India has recently seen a succession of visits by the top leaders of the permanent SC members
0 comments | by Saeed Ismat
India has recently seen a succession of visits by the top leaders of the permanent Security Council members. The British prime minister was in India in late July, and the American president came calling in early November. Visits by the French president and the Chinese premier followed earlier this month. In contrast to the high-profile U.S. visit, Russian President Dmitry Medvedev flew into India almost unnoticed on 21 December.
Although the Soviet Union was India's staunchest ally during the Cold War, India has drifted away from post-Cold War Russia. This stands in stark contrast to India's ties with the U.S., which have steadily rebounded from the fallout over India's 1998 nuclear tests to reach the Indo-U.S. civilnuclear deal. Despite the relative downgrade in the Indo-Russian relationship, however, Medvedev visit has ensured that Russia remains India's largest defence supplier, providing nearly 70 percent of India's weaponry.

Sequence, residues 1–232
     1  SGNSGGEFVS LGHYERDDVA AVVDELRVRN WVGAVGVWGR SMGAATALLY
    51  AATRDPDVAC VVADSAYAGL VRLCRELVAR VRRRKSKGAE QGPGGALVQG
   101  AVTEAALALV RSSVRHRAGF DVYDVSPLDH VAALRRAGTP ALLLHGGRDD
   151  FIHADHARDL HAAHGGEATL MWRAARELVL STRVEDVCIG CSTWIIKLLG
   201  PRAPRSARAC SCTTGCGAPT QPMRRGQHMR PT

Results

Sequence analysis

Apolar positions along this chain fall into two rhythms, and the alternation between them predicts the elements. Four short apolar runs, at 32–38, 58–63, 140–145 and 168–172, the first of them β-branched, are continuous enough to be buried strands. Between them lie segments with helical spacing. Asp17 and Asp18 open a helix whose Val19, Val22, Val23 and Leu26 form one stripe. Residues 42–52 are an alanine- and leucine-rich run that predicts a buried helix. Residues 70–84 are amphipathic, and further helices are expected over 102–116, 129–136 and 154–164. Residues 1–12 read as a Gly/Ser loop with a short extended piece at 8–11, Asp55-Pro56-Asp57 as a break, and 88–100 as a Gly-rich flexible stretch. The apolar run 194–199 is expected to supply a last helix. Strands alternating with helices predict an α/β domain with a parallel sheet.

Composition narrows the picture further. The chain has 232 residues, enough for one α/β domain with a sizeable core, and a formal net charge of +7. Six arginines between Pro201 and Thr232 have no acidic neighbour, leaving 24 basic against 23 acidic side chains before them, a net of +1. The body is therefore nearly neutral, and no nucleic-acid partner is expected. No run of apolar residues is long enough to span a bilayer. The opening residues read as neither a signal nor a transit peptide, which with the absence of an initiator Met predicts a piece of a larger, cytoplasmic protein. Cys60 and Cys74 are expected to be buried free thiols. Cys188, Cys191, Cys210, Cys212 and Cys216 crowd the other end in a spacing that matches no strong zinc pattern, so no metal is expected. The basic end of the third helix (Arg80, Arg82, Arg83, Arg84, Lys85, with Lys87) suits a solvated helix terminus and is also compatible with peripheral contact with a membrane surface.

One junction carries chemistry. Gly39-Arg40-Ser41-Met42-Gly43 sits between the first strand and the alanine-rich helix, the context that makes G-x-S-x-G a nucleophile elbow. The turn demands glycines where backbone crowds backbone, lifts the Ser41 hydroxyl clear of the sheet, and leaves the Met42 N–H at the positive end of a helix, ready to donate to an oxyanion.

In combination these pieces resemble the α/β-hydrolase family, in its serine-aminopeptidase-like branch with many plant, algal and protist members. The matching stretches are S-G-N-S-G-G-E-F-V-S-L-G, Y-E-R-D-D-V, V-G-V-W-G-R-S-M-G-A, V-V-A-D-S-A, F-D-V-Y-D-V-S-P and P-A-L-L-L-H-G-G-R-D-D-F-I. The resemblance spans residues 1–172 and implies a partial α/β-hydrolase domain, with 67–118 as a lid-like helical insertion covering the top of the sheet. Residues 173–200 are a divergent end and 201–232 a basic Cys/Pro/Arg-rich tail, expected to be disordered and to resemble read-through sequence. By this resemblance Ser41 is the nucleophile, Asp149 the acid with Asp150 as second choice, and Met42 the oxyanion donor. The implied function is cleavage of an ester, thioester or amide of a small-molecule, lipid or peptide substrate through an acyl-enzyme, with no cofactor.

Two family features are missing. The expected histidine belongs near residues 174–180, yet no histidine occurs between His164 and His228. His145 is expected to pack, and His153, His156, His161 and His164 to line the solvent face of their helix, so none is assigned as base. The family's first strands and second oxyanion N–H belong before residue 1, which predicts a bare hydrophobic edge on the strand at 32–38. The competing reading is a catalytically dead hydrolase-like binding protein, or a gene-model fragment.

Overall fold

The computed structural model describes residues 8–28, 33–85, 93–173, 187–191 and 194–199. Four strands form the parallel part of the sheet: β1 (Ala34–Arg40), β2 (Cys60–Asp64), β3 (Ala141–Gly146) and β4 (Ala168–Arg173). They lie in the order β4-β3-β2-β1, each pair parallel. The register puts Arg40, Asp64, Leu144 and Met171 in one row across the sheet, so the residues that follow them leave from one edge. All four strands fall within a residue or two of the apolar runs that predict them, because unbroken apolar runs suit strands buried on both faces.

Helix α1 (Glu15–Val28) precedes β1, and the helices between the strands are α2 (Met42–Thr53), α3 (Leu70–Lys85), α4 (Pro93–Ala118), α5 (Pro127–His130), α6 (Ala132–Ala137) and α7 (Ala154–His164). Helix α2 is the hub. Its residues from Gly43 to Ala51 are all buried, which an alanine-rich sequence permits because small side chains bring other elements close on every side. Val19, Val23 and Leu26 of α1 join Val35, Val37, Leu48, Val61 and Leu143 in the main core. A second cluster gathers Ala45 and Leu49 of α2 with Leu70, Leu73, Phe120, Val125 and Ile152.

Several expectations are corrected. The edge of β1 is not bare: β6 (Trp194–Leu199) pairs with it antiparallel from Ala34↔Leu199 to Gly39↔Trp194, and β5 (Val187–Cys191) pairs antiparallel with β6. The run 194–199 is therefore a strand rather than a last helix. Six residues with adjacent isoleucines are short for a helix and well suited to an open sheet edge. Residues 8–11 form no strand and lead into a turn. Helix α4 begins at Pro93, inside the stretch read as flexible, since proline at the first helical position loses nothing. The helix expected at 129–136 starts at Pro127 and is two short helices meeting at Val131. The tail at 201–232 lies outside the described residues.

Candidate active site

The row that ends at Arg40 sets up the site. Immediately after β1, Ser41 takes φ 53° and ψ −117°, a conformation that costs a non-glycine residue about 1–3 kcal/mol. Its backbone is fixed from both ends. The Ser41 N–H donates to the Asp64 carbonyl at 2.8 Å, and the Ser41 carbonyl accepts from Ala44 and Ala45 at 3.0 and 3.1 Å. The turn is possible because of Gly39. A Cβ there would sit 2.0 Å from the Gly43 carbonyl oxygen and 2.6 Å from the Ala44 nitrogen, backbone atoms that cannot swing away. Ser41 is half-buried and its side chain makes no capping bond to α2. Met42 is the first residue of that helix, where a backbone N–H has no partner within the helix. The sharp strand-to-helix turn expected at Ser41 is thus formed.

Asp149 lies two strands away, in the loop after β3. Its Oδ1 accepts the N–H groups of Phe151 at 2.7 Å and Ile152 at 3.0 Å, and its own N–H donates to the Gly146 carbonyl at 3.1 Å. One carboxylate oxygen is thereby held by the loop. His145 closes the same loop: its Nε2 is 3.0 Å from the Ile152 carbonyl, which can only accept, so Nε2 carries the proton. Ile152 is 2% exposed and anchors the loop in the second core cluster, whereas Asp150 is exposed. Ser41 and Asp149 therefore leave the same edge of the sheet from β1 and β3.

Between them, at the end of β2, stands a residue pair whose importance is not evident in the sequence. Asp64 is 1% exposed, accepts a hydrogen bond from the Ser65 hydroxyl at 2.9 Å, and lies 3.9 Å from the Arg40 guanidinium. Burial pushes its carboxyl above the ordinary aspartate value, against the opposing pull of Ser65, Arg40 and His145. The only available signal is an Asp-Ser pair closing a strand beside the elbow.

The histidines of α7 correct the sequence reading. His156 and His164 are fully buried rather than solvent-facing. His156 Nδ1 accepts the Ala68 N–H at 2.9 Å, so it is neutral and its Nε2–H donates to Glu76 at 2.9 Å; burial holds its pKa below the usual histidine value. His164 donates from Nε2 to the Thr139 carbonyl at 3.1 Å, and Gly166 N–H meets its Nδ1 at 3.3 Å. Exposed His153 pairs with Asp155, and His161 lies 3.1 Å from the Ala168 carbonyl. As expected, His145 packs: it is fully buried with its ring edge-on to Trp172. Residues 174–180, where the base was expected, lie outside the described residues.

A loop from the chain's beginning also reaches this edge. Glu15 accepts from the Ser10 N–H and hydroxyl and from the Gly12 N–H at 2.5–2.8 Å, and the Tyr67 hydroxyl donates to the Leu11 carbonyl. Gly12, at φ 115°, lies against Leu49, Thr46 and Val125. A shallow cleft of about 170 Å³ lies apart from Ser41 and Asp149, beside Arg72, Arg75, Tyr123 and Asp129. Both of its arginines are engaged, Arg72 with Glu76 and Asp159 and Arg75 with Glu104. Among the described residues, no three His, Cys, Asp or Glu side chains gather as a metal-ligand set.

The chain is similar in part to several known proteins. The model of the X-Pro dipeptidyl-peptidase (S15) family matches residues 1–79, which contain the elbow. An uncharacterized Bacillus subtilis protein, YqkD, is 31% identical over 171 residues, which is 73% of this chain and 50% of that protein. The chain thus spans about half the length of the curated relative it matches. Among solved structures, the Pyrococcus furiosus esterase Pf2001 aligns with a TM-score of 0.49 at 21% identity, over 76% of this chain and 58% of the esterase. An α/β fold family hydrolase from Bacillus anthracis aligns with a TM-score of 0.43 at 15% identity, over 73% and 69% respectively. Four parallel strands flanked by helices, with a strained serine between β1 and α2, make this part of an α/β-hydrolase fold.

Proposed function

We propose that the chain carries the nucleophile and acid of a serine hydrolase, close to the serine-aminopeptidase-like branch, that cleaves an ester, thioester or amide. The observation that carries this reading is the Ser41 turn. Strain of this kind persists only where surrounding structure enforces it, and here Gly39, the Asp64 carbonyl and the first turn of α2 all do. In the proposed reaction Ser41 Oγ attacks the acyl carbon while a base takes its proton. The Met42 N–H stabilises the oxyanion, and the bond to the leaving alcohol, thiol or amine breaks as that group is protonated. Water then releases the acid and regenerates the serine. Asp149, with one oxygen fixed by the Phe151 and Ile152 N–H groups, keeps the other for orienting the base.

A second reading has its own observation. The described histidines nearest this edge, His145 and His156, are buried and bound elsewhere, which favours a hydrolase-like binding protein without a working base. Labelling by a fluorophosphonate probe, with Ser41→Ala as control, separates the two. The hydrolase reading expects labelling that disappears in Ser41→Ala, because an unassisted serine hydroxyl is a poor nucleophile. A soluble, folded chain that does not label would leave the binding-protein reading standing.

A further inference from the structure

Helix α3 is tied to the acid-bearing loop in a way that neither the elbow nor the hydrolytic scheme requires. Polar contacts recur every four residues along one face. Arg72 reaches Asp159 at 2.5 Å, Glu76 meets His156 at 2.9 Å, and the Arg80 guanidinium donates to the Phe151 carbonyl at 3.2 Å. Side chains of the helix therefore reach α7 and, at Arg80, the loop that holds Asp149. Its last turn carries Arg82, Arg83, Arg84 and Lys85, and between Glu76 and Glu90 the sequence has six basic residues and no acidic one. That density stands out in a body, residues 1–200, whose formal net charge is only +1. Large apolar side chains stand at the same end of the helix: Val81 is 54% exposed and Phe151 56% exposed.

Russia understands that India-U.S. ties will continue to develop in the years to come and that the India-Russia relationship may not live up to its potential. Despite Medvedev's efforts to restore some of its lustre, but both he and Singh know that the days of a privileged partnership are over.